Students from King Harold Business & Enterprise Academy will be running the museum for the day. Join us to get involved with their activities, take a unique tour, and see how they have transformed the museum.

Cavalcade of Light

Friday 29 November

5pm – 7pm

All ages welcome

Explore the museum after hours as we celebrate the Cavalcade of Light. Before the lights are switched on join us for an evening of music, activities, and festive refreshments. No need to book. Children need to be accompanied by a responsible adult.

Father Christmas

Saturday 7 December

10.30am – 4pm

£6 per child, all ages welcome

Come along for our annual festive Christmas event.  Have a go at our Christmas craft, visit Father Christmas in his grotto and receive a gift. Children must be accompanied by a responsible adult. No need to book, just drop in.  You will be allocated a time to visit the grotto. You may be required to wait; art and craft activities are available to do while you wait.

Toddler Father Christmas

Tuesday 10 December

10am – 12noon

£6 per child, most suitable for toddlers aged 2 – 4 years

Our regular toddler session has a very special guest today. Father Christmas will be here in his grotto. As well as our regular rhyme, craft and story, you can also visit the grotto and receive a special gift. Children must be accompanied by a responsible adult. To book your place please call the museum on 01992 716882 or email museum@eppingforestdc.gov.uk

Meet the Team – Lowewood Museum Development Officer

Carly Hearn

Job title
Lowewood Museum Development Officer

Describe a typical working day at Epping Forest District and Lowewood Museums.
The best part about working in a museum is that every day is very different. You really don’t know what will turn up next…literally!
A day in the museum can include setting up volunteering projects, which may include working with the collection or registering new items into the museum. We also help with public enquiries, ranging from family history research to identifying an object which someone may have found locally or even in their back yard- this is where it can get really interesting  A typical working day for me also includes planning and organising the museum’s yearly programme of events and exhibitions, as well as the day to day management of the Grade II listed building in which the museum is housed.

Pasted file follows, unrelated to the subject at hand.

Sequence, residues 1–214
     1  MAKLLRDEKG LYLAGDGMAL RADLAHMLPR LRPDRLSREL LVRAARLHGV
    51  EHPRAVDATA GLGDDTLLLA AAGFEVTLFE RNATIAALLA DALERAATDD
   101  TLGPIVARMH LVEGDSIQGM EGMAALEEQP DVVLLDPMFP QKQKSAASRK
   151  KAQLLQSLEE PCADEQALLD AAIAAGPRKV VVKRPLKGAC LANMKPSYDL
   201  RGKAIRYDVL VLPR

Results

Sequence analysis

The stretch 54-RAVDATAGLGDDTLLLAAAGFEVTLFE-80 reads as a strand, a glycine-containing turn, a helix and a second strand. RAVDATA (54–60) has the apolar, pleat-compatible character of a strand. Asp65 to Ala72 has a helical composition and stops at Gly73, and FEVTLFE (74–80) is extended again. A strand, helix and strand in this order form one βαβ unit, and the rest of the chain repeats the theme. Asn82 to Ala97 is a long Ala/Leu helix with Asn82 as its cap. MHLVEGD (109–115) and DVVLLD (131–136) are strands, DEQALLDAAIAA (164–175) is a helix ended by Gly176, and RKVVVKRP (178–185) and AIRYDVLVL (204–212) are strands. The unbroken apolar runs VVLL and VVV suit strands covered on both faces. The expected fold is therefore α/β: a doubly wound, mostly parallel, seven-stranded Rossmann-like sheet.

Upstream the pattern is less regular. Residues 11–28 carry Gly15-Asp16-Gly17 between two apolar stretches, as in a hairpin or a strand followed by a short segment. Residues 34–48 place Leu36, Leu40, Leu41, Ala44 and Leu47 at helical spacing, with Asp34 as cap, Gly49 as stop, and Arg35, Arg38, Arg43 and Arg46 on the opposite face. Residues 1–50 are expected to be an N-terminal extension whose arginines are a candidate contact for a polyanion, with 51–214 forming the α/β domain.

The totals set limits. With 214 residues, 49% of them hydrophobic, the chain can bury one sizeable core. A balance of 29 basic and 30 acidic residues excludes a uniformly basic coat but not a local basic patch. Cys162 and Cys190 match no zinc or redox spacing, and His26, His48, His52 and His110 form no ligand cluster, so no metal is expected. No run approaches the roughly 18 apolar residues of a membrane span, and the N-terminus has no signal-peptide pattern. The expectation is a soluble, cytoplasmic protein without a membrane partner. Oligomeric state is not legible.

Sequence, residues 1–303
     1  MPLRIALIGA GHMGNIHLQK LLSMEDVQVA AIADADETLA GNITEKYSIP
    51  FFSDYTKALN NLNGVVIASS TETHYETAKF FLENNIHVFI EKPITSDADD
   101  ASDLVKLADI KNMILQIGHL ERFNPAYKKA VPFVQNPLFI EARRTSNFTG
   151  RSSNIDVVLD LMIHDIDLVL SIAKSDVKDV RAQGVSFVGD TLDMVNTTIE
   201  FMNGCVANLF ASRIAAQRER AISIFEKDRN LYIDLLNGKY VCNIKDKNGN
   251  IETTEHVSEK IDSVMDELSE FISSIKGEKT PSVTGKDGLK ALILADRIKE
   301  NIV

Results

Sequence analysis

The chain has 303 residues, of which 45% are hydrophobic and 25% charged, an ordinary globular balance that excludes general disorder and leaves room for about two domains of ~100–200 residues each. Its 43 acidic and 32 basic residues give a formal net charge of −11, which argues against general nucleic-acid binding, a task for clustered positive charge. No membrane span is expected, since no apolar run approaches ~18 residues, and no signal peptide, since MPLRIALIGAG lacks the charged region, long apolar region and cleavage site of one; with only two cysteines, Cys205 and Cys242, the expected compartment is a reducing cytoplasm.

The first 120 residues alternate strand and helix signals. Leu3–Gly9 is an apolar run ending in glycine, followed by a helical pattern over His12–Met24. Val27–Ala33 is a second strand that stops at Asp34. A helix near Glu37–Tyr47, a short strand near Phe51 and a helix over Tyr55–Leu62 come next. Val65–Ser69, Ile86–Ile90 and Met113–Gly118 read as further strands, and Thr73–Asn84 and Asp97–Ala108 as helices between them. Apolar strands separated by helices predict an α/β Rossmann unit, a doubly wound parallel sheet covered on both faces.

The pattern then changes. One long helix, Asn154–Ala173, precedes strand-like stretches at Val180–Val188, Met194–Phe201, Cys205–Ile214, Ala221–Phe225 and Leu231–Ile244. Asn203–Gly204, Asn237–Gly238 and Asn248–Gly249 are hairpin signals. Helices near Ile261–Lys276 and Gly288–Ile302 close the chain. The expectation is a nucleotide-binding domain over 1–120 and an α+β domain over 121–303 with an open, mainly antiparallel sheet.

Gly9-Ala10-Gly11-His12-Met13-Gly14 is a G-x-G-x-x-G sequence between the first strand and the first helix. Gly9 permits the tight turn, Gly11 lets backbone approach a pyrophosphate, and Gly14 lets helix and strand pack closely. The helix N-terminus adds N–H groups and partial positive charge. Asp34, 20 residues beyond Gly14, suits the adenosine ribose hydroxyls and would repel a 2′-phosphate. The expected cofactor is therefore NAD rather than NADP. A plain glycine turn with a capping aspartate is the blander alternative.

What is your favourite thing about working at the Museum?
My favourite part about working for a museum is the opportunity to curate new displays and workshops for the public to see. I especially enjoy hearing good feedback from visitors when a new display has been opened, or when we have showcased an object within an education workshop or adult study day session. I recently helped our Education Officer with a pre-history workshop for schools where children were able to handle a mammoths tooth. Their faces lit up with amazement (some with horror) when we explained what the object was. One pupil even dragged her Dad into the museum later that week to show him what she’d held. This for me is what a museum is all about… learning something new and providing enjoyment.

Share one piece of advice for those interested in working in the Museum field.
Volunteer! Helping out at your local museum can provide invaluable experience for a future museum career. Museums today would be lost without volunteer support so you’d really be helping them as much as they you.

Which historical figure would you like to meet and why. What would you ask them?
Yuri Gagarin. I find outer space fascinating , so it would be very interesting to hear what it felt like to be the first person to go into space. What was going through his mind at the launch? What did it feel like to look down on Earth? It must be an experience like no other.

Where would you choose to go/visit if you could go anywhere in the world for a day?
One of the biggest things to do on my bucket list is a safari. I would probably go to the Maasai Mara in Kenya to see the lions or to see the silverbacks in Rwanda.

What was the first music track or album you bought?
I am ashamed to say it was Chesney Hawkes!

Meet the team – Museum Manager

Our second meet the team blog gives you the chance to meet our Museum Manager.

Tony O’Connor

Job title
Museums Services Manager

Describe a typical working day at Epping Forest District and Lowewood Museums.
The great thing about the job is that there isn’t a typical day! I could be undertaking a forward planning exercise, writing a funding bid, reviewing service performance and or examining ways of working with a range of other groups and organisations to support the work of the museum and engagement with heritage. After that I might be working on a lecture or presentation to a group. I could be reviewing items offered to the collection to take a view on whether we should accept /purchase or decline them. Then in the evening I might be attending a related project meeting, giving a talk to a group or holding a painting level, while it is positioned on a wall for display.

What is your favourite thing about working at the Museum?
The privilege of working with the collections, of having the opportunity to work with our wonderful heritage and helping to create opportunities for others to engage with it too.